There's a refreshed F-Type in town and to celebrate its restyled face and upgraded tech, Jaguar New Zealand has put the top of the line P575 on the press fleet with all its bells and whistles.
Although the F-Type is touted as the 'spiritual successor' to the legendary E-Type, the new F-Type R P575 is quite removed from the cool '60s/'70s cat, certainly in terms of performance and electronics. However, it's still a raucous-sounding, two-seater sports car that turns heads and oozes desirability from every angle.
The big thing to notice right off the bat is the slimness of the headlights. They still sweep back and slot themselves along the front of the clamshell bonnet from the grille to the front wheel arches, but take up less than half the previous real estate.
What's more, they are now available with optional pixel LEDs that allow the high beam to be split and avoid dazzling other drivers. It also adapts its width and depth to the speed you're travelling at, or when turning a corner, it bends with the curvature of the road, ensuring greater visibility in all situations. They're underscored by signature J-Blade daytime running lights and animated directional Indicators. The grille itself is bigger and more pronounced while the lower air vents have a new shape and sleekness to them.
The F-Type's profile remains unchanged, with muscular haunches, pop-out door handles and in our review model's case, large 20-inch alloys. The lighting structure at the rear now comes with LEDs and a wrap-around design that meets the rear wheel arches and emphasises the Coupe's muscular stance. Despite the tailgate not being exactly huge, it's topped off with a body-coloured (British Racing/Heritage Green, in my case) spoiler and underscored by quad tailpipes - more on those in a moment.
Under the aforementioned clamshell lay the F-Type R's 5L supercharged V8, which gives you 575PS (423kW) of power and 700 Nm of torque. While it's their most efficient V8 yet,it's still gargling 98 at 11L/100km when not being pushed. Mind you, boasting 3.7 seconds 0-100km/h, I hardly feel you'll be looking to feather the accelerator anytime soon.
Venturing inside and you're greeted with a very similar layout to the previous model: leather seats, leather dash, pop up A/C unit and the like, but the big differences are when you look towards the technology.
The 10-inch infotainment system with Touch Pro gives you access to various menus and data and it's easy to use with pinch-and-swipe gestures to get to what you want. Then there's the 12.3-inch interactive driver display, which serves up everything from a full 3D map to an information panel with driving information and navigation updates - and see what's playing on the Meridian audio system.
Now about that exhaust. Jaguar has taken it upon themselves to now have that hefty V8 start up in 'quiet mode', thus not annoying any neighbours. However, this can be bypassed using the exhaust button beside the gear stick or selecting Sport in the Driving Mode prior to pushing the start button. My preference was the latter as the exhaust note is so beautiful.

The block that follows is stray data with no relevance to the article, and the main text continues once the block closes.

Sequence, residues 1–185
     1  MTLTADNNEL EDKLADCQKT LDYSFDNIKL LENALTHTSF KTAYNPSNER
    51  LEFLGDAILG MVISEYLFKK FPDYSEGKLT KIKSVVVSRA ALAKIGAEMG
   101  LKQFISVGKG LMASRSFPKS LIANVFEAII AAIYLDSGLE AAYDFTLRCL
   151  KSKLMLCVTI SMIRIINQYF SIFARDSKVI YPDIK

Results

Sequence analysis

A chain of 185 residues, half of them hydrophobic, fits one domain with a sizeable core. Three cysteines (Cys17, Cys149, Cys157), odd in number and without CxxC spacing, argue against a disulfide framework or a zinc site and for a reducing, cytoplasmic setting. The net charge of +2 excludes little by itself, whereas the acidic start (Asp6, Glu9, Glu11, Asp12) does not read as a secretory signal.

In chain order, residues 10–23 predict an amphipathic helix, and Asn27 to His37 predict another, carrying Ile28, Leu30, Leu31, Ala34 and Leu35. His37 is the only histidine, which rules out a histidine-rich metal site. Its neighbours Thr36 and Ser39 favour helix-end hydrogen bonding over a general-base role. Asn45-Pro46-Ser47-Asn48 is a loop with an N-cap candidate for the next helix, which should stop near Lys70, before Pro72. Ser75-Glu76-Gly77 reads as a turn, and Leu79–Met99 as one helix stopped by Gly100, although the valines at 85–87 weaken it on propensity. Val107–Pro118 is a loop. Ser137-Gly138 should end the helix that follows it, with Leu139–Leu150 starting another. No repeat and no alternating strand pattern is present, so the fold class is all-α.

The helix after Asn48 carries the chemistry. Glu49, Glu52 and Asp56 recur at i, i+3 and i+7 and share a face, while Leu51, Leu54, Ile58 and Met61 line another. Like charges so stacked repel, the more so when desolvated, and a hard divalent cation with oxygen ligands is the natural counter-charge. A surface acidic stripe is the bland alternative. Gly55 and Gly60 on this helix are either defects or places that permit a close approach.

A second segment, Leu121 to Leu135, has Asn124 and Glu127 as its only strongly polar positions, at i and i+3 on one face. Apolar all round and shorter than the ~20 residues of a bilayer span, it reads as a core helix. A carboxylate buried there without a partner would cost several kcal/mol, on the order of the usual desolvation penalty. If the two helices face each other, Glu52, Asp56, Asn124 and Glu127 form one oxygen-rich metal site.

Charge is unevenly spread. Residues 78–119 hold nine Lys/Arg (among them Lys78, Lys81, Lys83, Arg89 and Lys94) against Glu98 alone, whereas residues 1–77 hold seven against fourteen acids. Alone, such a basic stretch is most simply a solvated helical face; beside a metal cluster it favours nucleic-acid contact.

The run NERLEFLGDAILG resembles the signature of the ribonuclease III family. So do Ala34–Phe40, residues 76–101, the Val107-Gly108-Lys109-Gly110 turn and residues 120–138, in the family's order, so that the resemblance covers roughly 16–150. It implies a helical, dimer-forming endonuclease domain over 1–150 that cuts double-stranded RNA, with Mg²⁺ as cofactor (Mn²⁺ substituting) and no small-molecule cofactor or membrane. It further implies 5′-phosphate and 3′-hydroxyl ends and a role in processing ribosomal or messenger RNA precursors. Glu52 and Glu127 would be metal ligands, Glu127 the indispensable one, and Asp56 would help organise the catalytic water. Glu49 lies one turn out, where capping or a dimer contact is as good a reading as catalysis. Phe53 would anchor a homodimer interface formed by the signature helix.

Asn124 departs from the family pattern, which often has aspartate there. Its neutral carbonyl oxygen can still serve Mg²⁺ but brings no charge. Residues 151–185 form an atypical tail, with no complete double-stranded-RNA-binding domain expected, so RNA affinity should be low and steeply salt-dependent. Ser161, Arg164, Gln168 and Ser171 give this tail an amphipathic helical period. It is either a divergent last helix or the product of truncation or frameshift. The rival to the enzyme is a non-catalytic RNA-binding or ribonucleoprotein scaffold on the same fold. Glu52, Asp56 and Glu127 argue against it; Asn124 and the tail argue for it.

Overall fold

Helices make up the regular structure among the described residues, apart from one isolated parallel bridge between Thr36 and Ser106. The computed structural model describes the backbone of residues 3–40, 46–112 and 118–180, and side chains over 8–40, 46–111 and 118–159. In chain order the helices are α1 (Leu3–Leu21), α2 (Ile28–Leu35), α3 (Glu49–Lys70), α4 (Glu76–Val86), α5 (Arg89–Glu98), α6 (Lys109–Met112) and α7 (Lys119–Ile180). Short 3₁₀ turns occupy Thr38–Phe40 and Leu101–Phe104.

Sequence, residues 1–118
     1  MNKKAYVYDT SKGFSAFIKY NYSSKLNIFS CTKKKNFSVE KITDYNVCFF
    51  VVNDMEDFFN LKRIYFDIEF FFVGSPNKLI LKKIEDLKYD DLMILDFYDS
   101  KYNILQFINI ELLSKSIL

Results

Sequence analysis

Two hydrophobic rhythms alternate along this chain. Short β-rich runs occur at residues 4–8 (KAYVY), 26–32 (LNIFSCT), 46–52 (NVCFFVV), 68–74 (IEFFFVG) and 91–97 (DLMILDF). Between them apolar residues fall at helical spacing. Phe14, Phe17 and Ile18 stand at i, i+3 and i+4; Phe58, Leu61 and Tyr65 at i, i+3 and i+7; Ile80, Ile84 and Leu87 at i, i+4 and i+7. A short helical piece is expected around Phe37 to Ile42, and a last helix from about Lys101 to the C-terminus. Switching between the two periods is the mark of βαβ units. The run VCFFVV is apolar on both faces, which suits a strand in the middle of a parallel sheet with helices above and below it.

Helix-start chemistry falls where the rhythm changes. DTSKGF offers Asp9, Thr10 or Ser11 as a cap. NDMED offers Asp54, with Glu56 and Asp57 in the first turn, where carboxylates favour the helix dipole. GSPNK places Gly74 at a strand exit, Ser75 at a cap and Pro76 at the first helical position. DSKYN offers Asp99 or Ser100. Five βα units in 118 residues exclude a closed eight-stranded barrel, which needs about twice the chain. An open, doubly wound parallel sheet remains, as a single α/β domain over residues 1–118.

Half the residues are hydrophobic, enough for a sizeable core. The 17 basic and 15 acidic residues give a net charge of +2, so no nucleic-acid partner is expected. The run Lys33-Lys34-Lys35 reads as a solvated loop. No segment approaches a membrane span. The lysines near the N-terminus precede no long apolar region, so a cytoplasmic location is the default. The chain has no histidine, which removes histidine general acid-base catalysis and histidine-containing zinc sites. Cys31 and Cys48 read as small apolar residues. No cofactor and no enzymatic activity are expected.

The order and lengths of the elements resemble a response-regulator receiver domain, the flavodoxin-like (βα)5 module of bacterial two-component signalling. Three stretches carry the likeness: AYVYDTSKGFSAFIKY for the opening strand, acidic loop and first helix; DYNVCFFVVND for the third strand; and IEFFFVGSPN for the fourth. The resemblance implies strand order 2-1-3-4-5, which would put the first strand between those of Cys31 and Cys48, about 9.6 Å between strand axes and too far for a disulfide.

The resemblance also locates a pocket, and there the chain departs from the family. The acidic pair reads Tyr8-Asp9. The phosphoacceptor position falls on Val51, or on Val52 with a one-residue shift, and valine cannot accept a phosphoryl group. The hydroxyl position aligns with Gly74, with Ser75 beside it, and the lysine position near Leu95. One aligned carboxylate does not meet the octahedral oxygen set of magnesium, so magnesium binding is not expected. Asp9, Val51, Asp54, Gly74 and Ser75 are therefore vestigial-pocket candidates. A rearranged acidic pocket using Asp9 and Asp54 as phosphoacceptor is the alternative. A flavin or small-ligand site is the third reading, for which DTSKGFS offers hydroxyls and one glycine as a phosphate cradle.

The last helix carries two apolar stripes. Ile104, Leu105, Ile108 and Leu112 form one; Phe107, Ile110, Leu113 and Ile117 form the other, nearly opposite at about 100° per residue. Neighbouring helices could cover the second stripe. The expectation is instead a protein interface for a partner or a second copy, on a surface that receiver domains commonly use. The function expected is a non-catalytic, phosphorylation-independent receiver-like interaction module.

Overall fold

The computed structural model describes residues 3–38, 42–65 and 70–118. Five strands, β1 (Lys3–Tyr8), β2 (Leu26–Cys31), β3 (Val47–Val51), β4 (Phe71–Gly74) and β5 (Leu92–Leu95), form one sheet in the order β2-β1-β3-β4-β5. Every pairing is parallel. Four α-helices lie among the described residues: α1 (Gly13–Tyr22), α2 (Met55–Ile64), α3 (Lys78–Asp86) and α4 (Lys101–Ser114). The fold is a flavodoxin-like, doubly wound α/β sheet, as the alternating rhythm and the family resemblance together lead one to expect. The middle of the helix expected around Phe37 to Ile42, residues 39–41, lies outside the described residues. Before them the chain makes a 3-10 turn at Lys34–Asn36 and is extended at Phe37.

What's more, should you have forgotten to select Sport for each and every trip and thereby opening the exhaust baffles, don't worry - the moment the rev needle hits around 4000 rpm, the sound of V8 thunder comes along for the ride.
In terms of ride, the F-Type could quite happily be your daily. It sits nicely in traffic (provided you don't mind people gawping at you) and idles well in slow traffic. Even the wafer-thin sports seats are relatively comfortable (the ride is rather firm though).
But on our open roads, a lot of noise enters the cabin - even though I upped the stereo or upped the revs, it's still there. A top tip would be to find smoother roads should you be heading away on a long run.
That aside, the new F-Type with its AWD is a demon in the corners. I half expected it to understeer with its big V8 under the nose, but everything seems to come together perfectly, even at speeds in excess of 50 percent over NZTA's suggestions. The steering is well-weighted and the sporty Coupe goes where you point it - thankfully.
It's a handsome vehicle from every angle and its tuneful V8 enlivens all your senses. There's enough room for a large overnight bag (particularly as you'll probably opt for more driving than sleeping) and the new technology adds to the all-round experience.
The SVR option may have gone (for now?) but this R is fully spec-loaded. Plenty to growl or crow about. Loved having it in my driveway too (sorry about the exhaust, neighbours).
Why you should: This may well be the last V8-powered F-Type model to be made, it's great-looking, handles well and did I mention it's a V8?
Why you shouldn't: There is a lot of road noise input on some roads - maybe look to change tyre compounds.
What else to consider: Two-seater sports cars are not a massive category but if your budget allows, take a look at theAston Martin Vantage, Audi R8, Mercedes-AMG or if things are tighter, GR Supra or Porsche 718.